We’ve all been in situations where we feel like we’re out of control.  Something bad happens or someone does something to us that we don’t like and we find that we struggle to correct, counteract or find a way out of the situation by trying to control an event or another person.  Sometimes that’s within the scope of our abilities and sometimes it’s not so our success in dealing with these situations varies wildly.  One of the most important and life changing things I have learned from Tai Chi is that I have no control over anything outside of myself.  The world around me will do what it will and if I try to control the world around me I will often find myself frustrated and disappointed in the outcome.  Shifting the focus inward, I realize that the only the thing I have full control over is myself and my own actions in response to the world around me and making that change in my way of thinking has made all the difference in my ability to cope with all the things that life has thrown at me.  When you hear this idea spoken outloud the initial feeling is, “Of course, that’s just common sense.” but actually internalizing the idea and making it part of who you are is the real challenge.  A challenge that I’ve found rewarding and life changing.

Grief in the Workplace

workgriefWhen I was moving up through the ranks of the tiny IT world in Saskatchewan I had the opportunity to work for some heavy hitters in the industry at that time: EDS, CGI and IBM to name a few.  Working for the big dogs there was always a common mantra: Always be professional.  Three simple words that are so very complex because “being professional” doesn’t always come naturally and it’s not always common sense.  Professionalism is truly a skill that needs to be learned and I see very few University graduates that come into the industry with any hint that they understand what it means to be professional.  That’s OK because no matter what your degree tells you, when you enter the work place for the first time you really don’t know anything at all… but that’s a topic for a different post.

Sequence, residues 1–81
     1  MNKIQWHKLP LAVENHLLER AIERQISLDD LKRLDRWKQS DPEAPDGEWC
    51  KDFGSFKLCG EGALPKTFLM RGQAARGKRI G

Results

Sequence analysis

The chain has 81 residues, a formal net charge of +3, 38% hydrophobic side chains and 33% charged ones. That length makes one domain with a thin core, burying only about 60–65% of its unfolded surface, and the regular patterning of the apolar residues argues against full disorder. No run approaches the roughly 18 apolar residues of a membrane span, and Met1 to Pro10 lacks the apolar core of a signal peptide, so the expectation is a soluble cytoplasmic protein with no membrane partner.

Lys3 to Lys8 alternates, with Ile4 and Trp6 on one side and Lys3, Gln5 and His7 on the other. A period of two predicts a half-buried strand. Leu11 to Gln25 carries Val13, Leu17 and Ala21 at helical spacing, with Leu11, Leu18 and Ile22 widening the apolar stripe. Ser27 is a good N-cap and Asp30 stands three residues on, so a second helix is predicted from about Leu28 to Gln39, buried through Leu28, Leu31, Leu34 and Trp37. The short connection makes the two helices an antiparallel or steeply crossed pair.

Part of being a professional, especially as a consultant, you had to have a separation of your personal life and your professional life.  If you’ve got problems outside of the office, they stay outside of the office.  Your clients pay a lot of money for your services and they should get every penny’s worth while you are working.  That’s what I was told and it did make sense.  When I pay for something I expect it to work as advertised all the time otherwise I feel a bit cheated.  That certainly applies to things like electronics or computing hardware but this can never apply to people.

As some of you know, I recently lost my wife and it has been devastating for me.  It’s one of those things that you don’t think about and can’t possibly comprehend until you go through it yourself.  I work for a great company and they were incredibly supportive.  My clients were also very understanding and supportive and as a result I am still employed today.  Other people are not always so lucky.  I had a lot of time away from the office after my wife died and after about a month of not working I started to work a few hours each day from home but I think it was almost two months before I could put in a full work day.  Even then it wasn’t a typical 8 hour day.  I would be awake at 4:00 AM and I would work for an hour or two, then something would distract me and I would be away from the keyboard for a few hours… sometime around midnight I would have had a full 8 hours of work and this cycle would repeat each day slowly getting better as time went on.